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I understood clearly that nothing dies. The citta certainly doesn’t die; in fact, it becomes more pronounced. The more fully we investigate the four elements, breaking them down into their original properties, the more distinctly pronounced the citta appears. So where is death to be found? And what is it that dies? The four elements—earth, water, wind and fire—they don’t die. As for the citta, how can it die? It becomes more conspicuous, more aware and more insightful. This essential knowing nature never dies, so why is it so afraid of death? Because it deceives itself. For eons and eons it has fooled itself into believing in death when actually nothing ever dies. So when pain arises in the body we must realize that it is merely feeling, and nothing else. Don’t define it in personal terms and assume that it is something happening to you. Pains have afflicted your body since the day you were born. The pain that you experienced at the moment you emerged from your mother’s womb was excruciating. Only by surviving such torment are human beings born. Pain has been there from the very beginning and it’s not about to reverse course or alter its character. Bodily pain always exhibits the same basic characteristics: having arisen, it remains briefly and then ceases. Arising, remaining briefly, ceasing—that’s all there is to it. Investigate painful feelings arising in the body so as to see them clearly for what they are. The body itself is merely a physical form, the physical reality you have known since birth. But when you believe that you are your body, and your body hurts, then you are in pain. Being equated, body, pain and the awareness that perceives them then converge into one: your painful body. Physical pain arises due to some bodily malfunction. It arises dependent on some aspect of the body, but it is not itself a physical phenomenon. Awareness of both body and feelings is dependent on the citta—the one who knows them. But when the one who’s aware of them knows them falsely, then concern about the physical cause of the pain and its apparent intensity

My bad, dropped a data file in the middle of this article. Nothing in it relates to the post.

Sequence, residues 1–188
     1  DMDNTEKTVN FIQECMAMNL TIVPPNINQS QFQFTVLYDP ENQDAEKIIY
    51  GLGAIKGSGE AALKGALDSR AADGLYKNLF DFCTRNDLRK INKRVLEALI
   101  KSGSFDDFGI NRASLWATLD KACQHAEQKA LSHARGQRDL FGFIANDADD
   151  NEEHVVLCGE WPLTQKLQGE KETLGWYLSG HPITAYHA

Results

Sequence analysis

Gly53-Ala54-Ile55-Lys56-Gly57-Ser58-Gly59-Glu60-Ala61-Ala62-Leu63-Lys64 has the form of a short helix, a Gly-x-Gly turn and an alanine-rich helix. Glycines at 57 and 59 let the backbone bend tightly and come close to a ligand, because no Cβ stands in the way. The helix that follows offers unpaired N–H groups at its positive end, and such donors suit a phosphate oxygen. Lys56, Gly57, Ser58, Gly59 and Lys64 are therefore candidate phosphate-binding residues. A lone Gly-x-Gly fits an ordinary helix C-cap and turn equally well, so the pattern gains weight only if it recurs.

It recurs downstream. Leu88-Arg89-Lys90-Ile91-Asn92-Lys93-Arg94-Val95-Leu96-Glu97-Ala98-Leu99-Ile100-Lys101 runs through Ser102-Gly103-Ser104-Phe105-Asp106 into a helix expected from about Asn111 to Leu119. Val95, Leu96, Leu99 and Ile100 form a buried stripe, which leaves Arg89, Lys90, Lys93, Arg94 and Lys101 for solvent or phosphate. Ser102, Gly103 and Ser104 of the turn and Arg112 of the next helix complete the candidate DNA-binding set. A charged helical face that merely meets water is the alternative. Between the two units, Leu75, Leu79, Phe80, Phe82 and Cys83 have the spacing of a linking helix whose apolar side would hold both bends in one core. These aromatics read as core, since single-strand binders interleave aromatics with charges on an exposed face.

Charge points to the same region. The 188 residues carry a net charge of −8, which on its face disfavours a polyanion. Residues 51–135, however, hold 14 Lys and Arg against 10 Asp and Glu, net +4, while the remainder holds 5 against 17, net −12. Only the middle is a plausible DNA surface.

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cause emotional pain to arise. Pain not only hurts but it indicates that there is something wrong with you—your body. Unless you can separate out these three distinct realities, physical pain will always cause emotional distress. The body is merely a physical phenomenon. We can believe whatever we like about it, but that will not alter fundamental principles of truth. Physical existence is one such fundamental truth. Four elemental properties—earth, water, wind and fire— gather together in a certain configuration to form what is called a “person”. This physical presence may be identified as a man or a woman and be given a specific name and social status, but essentially it is just the rýpa khandha—a physical heap. Lumped together, all the constituent parts form a human body, a distinct physical reality. And each separate part is an integral part of that one fundamental reality. The four elements join together in many different ways. In the human body we speak of the skin, the flesh, the tendons, the bones, and so forth. But don’t be fooled into thinking of them as separate realities simply because they have different names. See them all as one essential reality—the physical heap. As for the heap of feelings, they exist in their own sphere. They are not part of the physical body. The body isn’t feeling either. It has no direct part in physical pain. These two khandhas— body and feeling—are more prominent than the khandhas of memory, thought and consciousness, which, because they vanish as soon as they arise, are far more difficult to see. Feelings, on the other hand, remain briefly before they vanish. This causes them to standout, making them easier to isolate during meditation. Focus directly on painful feelings when they arise and strive to understand their true nature. Confront the challenge head on. Don’t try to avoid the pain by focusing your attention elsewhere. And resist any temptation to wish for the pain to go away. The purpose of the investigation must be a search for true understanding. The neutralization of pain is merely a by-product of the